Research Finds Falun Gong Practice Improves Cancer Survival Rate

“Falun Gong practice can help terminal cancer patients survive significantly longer, in addition to notable symptom improvement,” concluded a paper recently published in the Journal of Clinical Oncology, which is published by the American Society of Clinical Oncology (ASCO).

According to one of the authors, Dr. Yuhong Dong from Novartis, a global healthcare company in Basel, Switzerland, the study included a meta analysis of self-reported cases from Chinese cancer patients between 2000 and 2015 via a web platform. The eligible reports, which must be reviewed by two physicians, included only cases of terminal cancer with a Predicted Survival of less than 12 months and sufficient and verifiable medical information.

The researchers were able to collect 152 eligible reports. The primary cancers included lung, liver, stomach, leukaemia, oesophagus, gynaecological, pancreas/bile duct, and colorectal. The average onset age of cancer was 53. All patients started to practice Falun Gong after being diagnosed, or their treatment failed. The average Falun Gong practice duration up to the report date was approximately 53 months.

The study focused on the Actual Survival up to the report date, symptom improvement, and quality of life.

Out of 152 patients, 149 were still alive. 97% patients reported complete symptom recovery. Compared with the average predicted survival, 5.1 months, the actual survival, 56 months, was significantly longer. The average time to symptom recovery after practising Falun Gong was only 3.6 months. Several indexes measuring quality of life after practising Falun Gong showed significant improvement.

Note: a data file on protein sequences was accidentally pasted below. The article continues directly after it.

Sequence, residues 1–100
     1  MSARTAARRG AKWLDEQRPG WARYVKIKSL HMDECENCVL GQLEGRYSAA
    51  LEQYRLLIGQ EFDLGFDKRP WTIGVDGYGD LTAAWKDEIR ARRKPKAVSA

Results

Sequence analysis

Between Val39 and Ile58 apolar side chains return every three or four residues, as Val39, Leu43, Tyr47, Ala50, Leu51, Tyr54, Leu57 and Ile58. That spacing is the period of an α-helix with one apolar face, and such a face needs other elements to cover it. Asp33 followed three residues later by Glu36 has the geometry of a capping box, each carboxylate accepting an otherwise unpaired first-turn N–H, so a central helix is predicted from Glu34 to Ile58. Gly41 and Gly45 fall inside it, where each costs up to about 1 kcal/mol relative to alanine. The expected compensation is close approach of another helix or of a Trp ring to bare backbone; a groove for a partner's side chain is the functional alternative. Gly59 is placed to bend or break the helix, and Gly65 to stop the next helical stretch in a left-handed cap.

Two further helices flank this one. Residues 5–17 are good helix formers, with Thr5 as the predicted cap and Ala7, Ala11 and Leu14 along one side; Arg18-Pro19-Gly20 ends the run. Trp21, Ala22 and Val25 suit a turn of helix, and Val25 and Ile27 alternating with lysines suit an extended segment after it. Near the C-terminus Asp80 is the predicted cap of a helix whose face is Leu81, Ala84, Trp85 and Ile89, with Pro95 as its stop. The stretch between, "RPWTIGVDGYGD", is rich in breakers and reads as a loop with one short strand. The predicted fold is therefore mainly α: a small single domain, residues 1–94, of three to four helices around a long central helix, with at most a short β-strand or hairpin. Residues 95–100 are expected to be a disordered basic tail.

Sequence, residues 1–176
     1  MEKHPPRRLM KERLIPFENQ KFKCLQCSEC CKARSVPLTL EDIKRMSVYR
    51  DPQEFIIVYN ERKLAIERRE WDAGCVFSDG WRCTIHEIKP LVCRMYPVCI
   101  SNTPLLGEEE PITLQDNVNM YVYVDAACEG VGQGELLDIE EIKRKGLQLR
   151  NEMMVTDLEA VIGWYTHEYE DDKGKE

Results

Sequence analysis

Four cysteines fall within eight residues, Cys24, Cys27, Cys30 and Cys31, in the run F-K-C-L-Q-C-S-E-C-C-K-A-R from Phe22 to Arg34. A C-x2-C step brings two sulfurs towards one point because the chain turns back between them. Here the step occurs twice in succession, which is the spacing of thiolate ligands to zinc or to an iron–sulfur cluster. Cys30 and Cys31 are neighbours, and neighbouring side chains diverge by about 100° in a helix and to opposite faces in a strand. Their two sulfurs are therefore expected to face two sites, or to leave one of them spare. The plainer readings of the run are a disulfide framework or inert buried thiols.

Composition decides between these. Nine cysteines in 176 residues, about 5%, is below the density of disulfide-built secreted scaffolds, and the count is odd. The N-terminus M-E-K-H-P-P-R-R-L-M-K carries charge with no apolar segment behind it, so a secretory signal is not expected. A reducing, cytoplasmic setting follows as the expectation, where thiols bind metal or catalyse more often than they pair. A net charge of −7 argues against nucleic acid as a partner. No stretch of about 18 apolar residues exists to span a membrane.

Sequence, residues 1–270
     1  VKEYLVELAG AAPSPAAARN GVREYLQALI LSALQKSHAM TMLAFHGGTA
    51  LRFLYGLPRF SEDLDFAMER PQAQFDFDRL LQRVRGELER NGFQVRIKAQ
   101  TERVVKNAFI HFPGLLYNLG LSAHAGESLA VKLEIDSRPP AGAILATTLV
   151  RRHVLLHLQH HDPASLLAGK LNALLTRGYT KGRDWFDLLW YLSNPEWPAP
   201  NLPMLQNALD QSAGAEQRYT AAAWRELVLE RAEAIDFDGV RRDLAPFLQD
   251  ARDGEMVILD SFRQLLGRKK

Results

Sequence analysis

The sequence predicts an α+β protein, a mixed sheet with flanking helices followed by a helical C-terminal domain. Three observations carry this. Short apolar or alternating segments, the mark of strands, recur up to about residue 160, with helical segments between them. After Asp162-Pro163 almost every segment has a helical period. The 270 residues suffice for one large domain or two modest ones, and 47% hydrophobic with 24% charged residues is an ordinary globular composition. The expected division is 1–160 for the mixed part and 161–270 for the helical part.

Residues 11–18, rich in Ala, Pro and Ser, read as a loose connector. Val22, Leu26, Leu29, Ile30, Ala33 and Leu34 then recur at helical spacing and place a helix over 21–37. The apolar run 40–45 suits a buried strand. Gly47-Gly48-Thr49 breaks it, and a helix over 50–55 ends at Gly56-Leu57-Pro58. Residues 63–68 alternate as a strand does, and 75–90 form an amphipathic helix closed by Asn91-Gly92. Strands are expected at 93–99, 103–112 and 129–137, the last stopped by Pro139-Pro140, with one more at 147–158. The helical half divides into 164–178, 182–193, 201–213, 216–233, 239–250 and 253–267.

Considering other therapeutic factors, the statistical analysis showed that the duration of Falun Gong practice was the dominating predictive factor for Actual Survival.

The paper, titled “An observational cohort study on terminal cancer survivors practising Falun Gong (FLG) in China” was published in conjunction with the ASCO annual meeting in June, the largest international convention of clinical cancer and oncology research.

This study also included contributions by other five researchers from National Taiwan University, University of North Carolina-Chapel Hill, Imperial College London, Mind-Body Science Institute, and National Ilan University in Taiwan.

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